News Watch 129 (March/April 2009) Nuke Info Tokyo No. 129
Otsuki Town rejects radioactive waste dump
Search for a site to dispose of radioactive waste categorized as “waste from research facilities etc.” has begun in earnest. In May 2008 a law was enacted establishing the Japan Atomic Energy Agency (JAEA) as the responsible organization, then in December the Ministry for Education, Culture, Sports, Science and Technology (MEXT) and the Ministry for Economy, Trade and Industry (METI) established the basic policy.The Nuclear Waste Management Organization of Japan (NUMO) is the organization responsible for geological disposal of high-level radioactive waste and trans-uranium waste (TRU), while Japan Nuclear Fuel Ltd. (JNFL) is the organization responsible for disposal of low-level radioactive waste generated at nuclear power plants. The responsible organization for other radioactive waste had not been decided, but last year’s decision established JAEA as the responsible organization for the disposal of radioactive waste generated at research agencies (JAEA being the main one), universities and nuclear energy-related civil facilities, and radioactive waste generated in association with the use of radioisotopes (RI). All these types of radioactive waste were bundled together under the classification of “waste from research facilities etc”.
On December 1, 2008, six residents of Otsuki Town in Kochi Prefecture submitted a petition to the local council asking it to accept a study into the siting of a dump for this waste. Consideration of the petition began on January 23, 2009 and the council unanimously rejected it on February 4.
Close-down of Tsuruga-1 to be delayed
The Tsuruga-1 Nuclear Power Plant (BWR, 357 MW) was scheduled to be closed down in 2010, after 40 years of operation. However, on February 17, Japan Atomic Power Company (JAPCO) applied to the Minister of Economy Trade and Industry for permission to continue operating the reactor beyond that date. JAPCO also communicated to Tsuruga City and Fukui Prefecture its intention to extend the operation of the Tsuruga-1 plant. If the extension is approved, Tsuruga-1 will be the first plant in Japan to operate longer than 40 years.The original plan was for Tsuruga-3 (APWR, 1,538 MW) to begin operation in 2008 and Tsuruga-4 (APWR, 1,538 MW) to begin in 2009. However, demand for the power companies which the Tsuruga plant supplies*, Kansai Electric, Hokuriku Electric and Chubu Electric, has plateaued. Also, JAPCO has had to respond to the requirements of the new earthquake guidelines (NIT 112). For reasons such as these, plans to construct units 3 and 4 have been postponed year after year and they are now not scheduled to begin operation until 2016 and 2017 respectively. One of the reasons JAPCO gave for extending the life of Unit 1 was consideration for the local economy.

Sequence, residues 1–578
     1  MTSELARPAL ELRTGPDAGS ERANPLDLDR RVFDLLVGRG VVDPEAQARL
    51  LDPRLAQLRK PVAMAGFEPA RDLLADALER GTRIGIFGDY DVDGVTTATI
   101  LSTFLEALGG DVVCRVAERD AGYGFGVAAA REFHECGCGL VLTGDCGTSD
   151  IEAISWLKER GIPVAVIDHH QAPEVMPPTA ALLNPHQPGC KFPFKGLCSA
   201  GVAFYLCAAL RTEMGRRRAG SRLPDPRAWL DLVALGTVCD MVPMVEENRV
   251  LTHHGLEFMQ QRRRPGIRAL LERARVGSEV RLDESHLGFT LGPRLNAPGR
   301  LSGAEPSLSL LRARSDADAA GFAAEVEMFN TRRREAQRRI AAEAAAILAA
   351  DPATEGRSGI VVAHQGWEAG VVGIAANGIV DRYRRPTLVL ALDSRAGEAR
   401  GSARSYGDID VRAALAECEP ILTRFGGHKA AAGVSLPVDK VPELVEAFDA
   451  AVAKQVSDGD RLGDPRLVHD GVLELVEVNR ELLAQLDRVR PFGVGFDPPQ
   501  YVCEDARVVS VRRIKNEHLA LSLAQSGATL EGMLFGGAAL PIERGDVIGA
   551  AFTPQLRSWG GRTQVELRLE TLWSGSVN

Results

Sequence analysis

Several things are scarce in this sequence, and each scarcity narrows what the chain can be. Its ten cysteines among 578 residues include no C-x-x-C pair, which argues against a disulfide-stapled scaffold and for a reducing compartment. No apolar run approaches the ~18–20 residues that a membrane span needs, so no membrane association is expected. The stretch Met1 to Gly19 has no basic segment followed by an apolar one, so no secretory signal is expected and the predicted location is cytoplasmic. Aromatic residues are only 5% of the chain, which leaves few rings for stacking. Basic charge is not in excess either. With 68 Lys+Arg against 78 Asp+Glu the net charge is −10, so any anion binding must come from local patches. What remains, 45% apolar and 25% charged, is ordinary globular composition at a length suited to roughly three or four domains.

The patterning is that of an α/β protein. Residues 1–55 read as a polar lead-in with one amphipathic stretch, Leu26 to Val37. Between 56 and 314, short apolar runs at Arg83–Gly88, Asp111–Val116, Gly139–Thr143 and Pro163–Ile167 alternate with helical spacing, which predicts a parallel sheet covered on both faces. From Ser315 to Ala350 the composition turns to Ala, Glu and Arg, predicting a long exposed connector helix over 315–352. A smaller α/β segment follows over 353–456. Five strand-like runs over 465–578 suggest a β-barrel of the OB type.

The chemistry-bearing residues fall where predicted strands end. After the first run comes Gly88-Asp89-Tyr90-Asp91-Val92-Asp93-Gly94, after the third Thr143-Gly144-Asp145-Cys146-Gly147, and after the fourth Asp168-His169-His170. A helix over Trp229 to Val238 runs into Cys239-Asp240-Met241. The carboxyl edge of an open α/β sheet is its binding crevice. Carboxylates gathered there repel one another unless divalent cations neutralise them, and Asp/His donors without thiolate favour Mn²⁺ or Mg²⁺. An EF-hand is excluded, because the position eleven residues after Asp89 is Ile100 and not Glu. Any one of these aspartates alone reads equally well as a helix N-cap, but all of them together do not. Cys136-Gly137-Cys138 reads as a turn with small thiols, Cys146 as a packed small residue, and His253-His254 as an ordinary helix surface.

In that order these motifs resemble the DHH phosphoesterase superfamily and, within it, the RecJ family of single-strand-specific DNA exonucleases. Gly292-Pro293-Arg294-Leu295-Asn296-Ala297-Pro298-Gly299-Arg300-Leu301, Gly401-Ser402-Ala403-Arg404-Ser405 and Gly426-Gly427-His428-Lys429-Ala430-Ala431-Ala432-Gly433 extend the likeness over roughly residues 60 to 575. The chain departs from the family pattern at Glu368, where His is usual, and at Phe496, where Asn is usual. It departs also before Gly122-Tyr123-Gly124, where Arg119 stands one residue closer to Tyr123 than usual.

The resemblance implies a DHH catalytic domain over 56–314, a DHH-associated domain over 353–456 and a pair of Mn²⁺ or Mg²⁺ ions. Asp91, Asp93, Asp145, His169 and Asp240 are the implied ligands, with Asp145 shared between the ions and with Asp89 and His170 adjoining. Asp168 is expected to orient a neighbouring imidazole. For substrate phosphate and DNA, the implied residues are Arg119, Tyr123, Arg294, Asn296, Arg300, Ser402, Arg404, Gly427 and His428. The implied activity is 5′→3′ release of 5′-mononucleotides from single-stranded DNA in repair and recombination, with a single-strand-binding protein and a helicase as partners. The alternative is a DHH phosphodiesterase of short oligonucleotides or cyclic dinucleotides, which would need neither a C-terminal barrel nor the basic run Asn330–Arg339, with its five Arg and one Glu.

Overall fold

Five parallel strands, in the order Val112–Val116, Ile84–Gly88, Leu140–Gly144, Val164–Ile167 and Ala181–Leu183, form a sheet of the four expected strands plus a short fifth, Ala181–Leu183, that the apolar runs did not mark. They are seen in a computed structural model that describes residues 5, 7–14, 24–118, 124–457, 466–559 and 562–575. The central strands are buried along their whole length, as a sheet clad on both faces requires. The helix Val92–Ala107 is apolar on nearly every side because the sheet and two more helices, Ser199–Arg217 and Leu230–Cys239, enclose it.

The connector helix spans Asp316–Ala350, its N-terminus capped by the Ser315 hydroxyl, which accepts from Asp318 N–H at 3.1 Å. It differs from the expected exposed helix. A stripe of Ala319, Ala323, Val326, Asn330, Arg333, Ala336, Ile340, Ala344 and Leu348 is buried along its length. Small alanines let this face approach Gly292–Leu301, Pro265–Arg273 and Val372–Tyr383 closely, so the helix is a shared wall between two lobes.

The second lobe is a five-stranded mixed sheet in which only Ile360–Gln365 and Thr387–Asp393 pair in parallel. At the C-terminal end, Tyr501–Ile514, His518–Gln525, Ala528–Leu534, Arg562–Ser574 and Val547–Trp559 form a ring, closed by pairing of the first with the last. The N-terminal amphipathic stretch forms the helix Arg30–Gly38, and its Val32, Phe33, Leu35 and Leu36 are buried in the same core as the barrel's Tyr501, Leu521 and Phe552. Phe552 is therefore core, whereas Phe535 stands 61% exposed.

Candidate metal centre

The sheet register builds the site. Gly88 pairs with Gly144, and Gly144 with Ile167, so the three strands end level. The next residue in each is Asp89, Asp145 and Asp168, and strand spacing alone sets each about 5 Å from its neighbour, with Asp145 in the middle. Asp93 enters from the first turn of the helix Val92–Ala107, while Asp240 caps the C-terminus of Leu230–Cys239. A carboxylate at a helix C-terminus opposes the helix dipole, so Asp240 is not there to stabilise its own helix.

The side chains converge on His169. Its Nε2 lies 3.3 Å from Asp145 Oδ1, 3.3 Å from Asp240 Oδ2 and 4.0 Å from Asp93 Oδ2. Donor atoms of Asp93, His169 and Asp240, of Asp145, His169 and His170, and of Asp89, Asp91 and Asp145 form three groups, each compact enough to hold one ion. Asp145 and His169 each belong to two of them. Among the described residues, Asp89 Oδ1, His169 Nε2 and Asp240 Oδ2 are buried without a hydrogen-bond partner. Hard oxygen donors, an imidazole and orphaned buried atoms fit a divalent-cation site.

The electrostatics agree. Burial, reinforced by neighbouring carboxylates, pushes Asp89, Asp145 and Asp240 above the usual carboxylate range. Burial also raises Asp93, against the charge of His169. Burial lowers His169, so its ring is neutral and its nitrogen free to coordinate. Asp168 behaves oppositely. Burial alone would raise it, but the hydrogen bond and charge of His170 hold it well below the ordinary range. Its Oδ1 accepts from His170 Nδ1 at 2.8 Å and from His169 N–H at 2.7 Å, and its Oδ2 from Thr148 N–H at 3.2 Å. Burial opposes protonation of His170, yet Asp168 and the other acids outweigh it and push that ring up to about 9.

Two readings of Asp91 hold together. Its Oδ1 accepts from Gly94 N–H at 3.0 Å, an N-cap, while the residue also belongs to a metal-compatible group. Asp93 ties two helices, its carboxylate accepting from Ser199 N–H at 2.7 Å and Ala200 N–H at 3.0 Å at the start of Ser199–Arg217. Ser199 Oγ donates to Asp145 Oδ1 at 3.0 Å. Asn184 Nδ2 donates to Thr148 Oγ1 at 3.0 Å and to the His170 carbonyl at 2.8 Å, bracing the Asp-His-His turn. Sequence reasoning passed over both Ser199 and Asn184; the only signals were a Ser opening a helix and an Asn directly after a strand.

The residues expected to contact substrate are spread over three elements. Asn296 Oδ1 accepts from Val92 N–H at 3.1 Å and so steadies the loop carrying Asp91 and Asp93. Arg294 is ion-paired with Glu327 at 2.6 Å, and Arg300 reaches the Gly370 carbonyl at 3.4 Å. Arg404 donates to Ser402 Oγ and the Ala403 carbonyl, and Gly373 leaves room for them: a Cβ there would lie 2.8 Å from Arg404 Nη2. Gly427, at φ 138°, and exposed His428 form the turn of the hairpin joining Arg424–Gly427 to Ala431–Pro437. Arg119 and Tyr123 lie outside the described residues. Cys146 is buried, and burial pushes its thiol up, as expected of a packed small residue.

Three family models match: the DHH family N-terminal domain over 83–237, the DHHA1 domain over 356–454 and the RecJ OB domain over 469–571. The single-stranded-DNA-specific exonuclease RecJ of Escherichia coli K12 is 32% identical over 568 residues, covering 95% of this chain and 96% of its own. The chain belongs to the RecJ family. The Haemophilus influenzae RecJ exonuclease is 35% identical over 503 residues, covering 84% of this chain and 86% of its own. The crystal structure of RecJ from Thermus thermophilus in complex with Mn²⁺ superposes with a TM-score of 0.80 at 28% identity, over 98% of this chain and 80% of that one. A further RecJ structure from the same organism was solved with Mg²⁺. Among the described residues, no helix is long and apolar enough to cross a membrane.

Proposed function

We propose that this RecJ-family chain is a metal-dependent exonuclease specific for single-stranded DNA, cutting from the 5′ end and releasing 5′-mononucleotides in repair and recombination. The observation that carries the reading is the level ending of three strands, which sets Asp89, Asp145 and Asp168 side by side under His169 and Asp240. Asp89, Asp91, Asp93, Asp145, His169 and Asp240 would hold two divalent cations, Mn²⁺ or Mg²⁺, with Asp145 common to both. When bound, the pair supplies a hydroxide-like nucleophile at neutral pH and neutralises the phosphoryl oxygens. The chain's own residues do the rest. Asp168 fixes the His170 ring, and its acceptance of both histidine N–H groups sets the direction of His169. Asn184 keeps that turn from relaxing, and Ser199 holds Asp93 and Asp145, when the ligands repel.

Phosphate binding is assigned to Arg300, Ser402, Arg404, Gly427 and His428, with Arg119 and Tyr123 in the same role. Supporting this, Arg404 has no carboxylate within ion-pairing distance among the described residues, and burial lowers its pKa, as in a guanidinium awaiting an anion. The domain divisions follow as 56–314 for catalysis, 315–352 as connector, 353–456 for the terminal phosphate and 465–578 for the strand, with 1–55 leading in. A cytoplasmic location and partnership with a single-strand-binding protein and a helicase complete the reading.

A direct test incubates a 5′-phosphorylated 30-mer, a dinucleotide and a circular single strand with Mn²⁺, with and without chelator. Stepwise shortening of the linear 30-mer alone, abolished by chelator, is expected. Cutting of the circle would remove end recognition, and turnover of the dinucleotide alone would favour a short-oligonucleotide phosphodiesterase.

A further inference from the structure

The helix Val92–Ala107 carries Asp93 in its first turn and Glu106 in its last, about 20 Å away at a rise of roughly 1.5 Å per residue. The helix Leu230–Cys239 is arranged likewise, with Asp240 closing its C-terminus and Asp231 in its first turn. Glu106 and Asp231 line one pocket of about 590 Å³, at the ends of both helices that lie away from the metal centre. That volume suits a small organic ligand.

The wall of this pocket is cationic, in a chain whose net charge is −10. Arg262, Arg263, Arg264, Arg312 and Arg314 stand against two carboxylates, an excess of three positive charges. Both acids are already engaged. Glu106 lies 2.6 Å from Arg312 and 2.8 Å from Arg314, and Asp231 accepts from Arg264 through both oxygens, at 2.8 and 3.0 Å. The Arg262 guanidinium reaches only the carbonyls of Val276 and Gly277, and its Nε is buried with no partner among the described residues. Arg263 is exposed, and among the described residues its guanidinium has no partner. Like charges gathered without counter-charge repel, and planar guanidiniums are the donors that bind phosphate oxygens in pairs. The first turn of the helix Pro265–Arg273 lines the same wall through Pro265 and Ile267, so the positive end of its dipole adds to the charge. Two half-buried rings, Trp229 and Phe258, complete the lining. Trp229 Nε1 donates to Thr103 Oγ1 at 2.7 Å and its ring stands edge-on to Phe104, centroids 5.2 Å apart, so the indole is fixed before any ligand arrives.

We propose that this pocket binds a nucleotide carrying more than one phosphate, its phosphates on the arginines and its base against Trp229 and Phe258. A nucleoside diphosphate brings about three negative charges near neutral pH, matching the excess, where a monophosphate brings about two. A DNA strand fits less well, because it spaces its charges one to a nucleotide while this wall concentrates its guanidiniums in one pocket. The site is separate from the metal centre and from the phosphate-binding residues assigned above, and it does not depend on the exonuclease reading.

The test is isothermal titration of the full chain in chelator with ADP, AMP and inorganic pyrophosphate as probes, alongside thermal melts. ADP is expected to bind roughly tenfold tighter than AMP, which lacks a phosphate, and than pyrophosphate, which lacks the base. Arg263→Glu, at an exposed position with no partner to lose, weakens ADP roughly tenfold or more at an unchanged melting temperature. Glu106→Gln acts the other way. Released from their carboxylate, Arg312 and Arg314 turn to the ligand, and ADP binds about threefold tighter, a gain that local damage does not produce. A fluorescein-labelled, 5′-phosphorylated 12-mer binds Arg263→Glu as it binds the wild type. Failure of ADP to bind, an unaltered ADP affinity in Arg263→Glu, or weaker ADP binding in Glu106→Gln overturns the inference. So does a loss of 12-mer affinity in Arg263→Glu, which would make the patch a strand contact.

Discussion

Because Hamaoka-1&2 (BWR, 540 MW and 840 MW) ceased operation after 32 years and 30 years respectively (see NIT 128), it became necessary to show that this was not due to aging. Some people believe that this was the reason for declaring that closure of Tsuruga-1 would be postponed.
Toshiba secures first EPC agreement in US
On February 25, Toshiba announced that it had secured an engineering, procurement and construction (EPC) agreement for South Texas Project (STP) Reactors 3 and 4 (ABWR, 1,350 MW each). The agreement is between Toshiba America Nuclear Energy Corp. and STP Nuclear Operating Co., which operates STP-1&2. Construction is scheduled to commence in 2012 and 2013 and commercial operations are scheduled to commence in 2016 and 2017 respectively. The total contract is worth approximately $8 billion. This is the first EPC agreement not just for Toshiba, but for any Japanese company. It is said that Toshiba’s subsidiary Westinghouse will also participate in engineering and supply of parts.
57.8% Capacity Factor in 2008
The capacity factor for Japan’s 55 nuclear reactors (total 49,580 MW) fell to just 57.8% in 2008. Of the 55, ten produced no power in 2008. All seven Kashiwazaki-Kariwa reactors have been shut down since the July 16, 2007 Chuetsu-Oki Earthquake. Hamaoka-1 has been shut down since an accident in November 2001 and it also has had equipment problems, while Hamaoka-2 has been shut down since April 2004. Both these reactors were officially permanently shut down on January 30, 2009 (see NIT 128). Shika-2 has not operated since the discovery in March 2007 of the cover up of a criticality incident. Two reactors operated at a capacity factor of between 10% and 20%, one between 20% and 30% and two others between 40% and 50%, giving a total of 15 reactors with a capacity factor of less than 50% in 2008.
Restart of Monju delayed again
For a year now false alarms indicating sodium leaks have been going off all over the place in the Monju reactor (FBR, 280 MW) (see NIT 126). There are 3,000 detectors that are identical or similar to the detectors that have given these false alarms. In August 2008 Japan Atomic Energy Agency (JAEA) announced that the restart date would be set back from October 2008 to February 2009 in order to allow time to check all these detectors and carry out safety checks.False alarms were still occurring in October 2008 when renewed attention was given to corrosion in the exhaust duct. The corrosion problem itself was not new, but it emerged that corrosion identified during previous inspections had not been attended to.
By rights, the corroded exhaust duct should be replaced, but because JAEA is in a rush to restart Monju it decided to wait until after the reactor is restarted before replacing the duct. JAEA decided to make do for the time being by welding over the corroded spots. Even so, the work will take time, so JAEA decided to further delay the restart date. At this stage, a new restart date has not been announced, but the repairs are expected to take until May at least.